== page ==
Winner of IP Matters 2022: GlyProVac’s technology will create a more efficient vaccine production

The Health-tech start-up GlyProVac has invented a method that could improve the effectiveness of vaccines worldwide. Therefore, the company received Plougmann Vingtoft’s IP Matters donation 2022.

Vaccines have time and again proven their value in fighting life-threatening diseases. But vaccine development is an extremely expensive and long process, and thousands of vaccine candidates are discarded before the right vaccine can reach the market and save lives. However, what if discarded vaccine candidates just needed a small extra component to work?

This is exactly what the Danish company GlyProVac is working on. And it may very well end up having a major impact on the global vaccine development. That is why GlyProVac has just received Plougmann Vingtoft’s IP Matters donation in the form of expert IP consulting worth DKK 50,000.

Anders Boysen and Ann Zahle Andersen from GlyProVac. Photo: GlyProVac

– We were really excited when we were told that we had won IP Matters, because IP is very costly. But it is an absolute necessity for us as a company. If we don’t protect our IP, we ultimately have nothing to sell. And unfortunately, many investment funds would rather invest in technical development than the protection of ideas, says Ann Zahle Andersen, Ph.D. in biochemistry and applied mathematics and co-founder and COO at GlyProVac.

A technology under development

The technology behind GlyProVac is based on CEO Anders Boysen’s pioneering research a decade ago. During his Ph.D. in microbiology, he found that disease-causing bacteria are far more complicated than that. There is a large number of tiny sugar molecules attached to the bacteria’s proteins, and the vaccines must take these into account before they can be effective. And the current protein vaccines lack that.

– With our technology, we can take discarded vaccine candidates and add a layer of sugar so that they work differently, says Anders Boysen, CEO at GlyProVac.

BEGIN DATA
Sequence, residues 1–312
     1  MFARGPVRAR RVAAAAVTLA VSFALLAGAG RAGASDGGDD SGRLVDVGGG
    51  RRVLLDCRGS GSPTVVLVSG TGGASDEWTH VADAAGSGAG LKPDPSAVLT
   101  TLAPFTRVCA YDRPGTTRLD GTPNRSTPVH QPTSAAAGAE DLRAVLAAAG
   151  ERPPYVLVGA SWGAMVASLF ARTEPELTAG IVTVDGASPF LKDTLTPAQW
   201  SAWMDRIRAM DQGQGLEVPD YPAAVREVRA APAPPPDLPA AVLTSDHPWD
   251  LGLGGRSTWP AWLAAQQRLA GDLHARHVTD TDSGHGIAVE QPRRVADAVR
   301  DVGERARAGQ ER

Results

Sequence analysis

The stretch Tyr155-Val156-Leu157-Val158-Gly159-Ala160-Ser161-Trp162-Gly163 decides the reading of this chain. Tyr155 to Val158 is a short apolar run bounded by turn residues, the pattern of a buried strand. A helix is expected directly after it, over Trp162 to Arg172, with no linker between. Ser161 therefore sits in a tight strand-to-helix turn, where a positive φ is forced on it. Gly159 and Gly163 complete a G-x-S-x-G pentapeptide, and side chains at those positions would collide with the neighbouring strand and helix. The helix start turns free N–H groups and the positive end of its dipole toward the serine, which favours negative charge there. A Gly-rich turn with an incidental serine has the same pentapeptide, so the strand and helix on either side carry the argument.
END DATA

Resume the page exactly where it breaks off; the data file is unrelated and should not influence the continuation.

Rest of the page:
Since 2013, Anders Boysen has together with Ann Zahle Andersen been working on making the new vaccine technology ready for commercialization. Most of the workhas taken place at the University of Southern Denmark, but in 2018 they licensed the technology and founded GlyProVac. Now they want to apply for a new patent based on what they have learned over the past four years.

– We have had to protect the basic IP very early in the process. Thus, the current patent is broad, but lacks certain facets. We are therefore looking forward to applying for a more focused patent on a more mature and product-oriented vaccine candidate, says Ann Zahle Andersen.

At Plougmann Vingtoft, European Patent Attorney Jakob Schwalbe Lohmann advises GlyProVac and helps strengthen their IP position. A long-term collaboration that will further prepare the company for future challenges.

– With a patent, a company is simply in a better position, both regarding competitors and the future development. This is why it is so important that companies in general, and start-ups in particular, consider intellectual property rights as part of the business strategy and base their decisions on this, says Jakob Schwalbe Lohmann, European Patent Attorney at Plougmann Vingtoft.

Jakob Schwalbe Lohmann (European Patent Attorney at Plougmann Vingtoft), Ann Zahle Andersen and Anders Boysen (founders of GlyProVac).

The Sustainable Development Goals

GlyProVac’s technology can be used in conjunction with many different vaccines. Right now, GlyProVac is primarily working on a vaccine for urinary tract infections. The company thus supports the sustainable development goals #3, which is about health and well-being, and #5, which is about gender equality.

– Urinary tract infections are a great burden for women especially worldwide. But a significant number of men in risk groups also die from it, because the infection can enter the bloodstream. With our vaccine candidate, we can level the playing field for women and men, and ultimately we dream of saving people from dying from these diseases, says Ann Zahle Andersen.

GlyProVac is currently in the process of approaching large pharmaceutical companies to draw attention to their solution. At the time of writing this article, they are still looking for that first customer, but the five-person team has momentum and, with the IP Matters donation, they can now better protect their idea.

IP Matters was awarded in the autumn 2022, where four fortunate start-up companies each received a donation of 50,000 DKK for IP consultancy. Read more about IP Matters and the other winners.  

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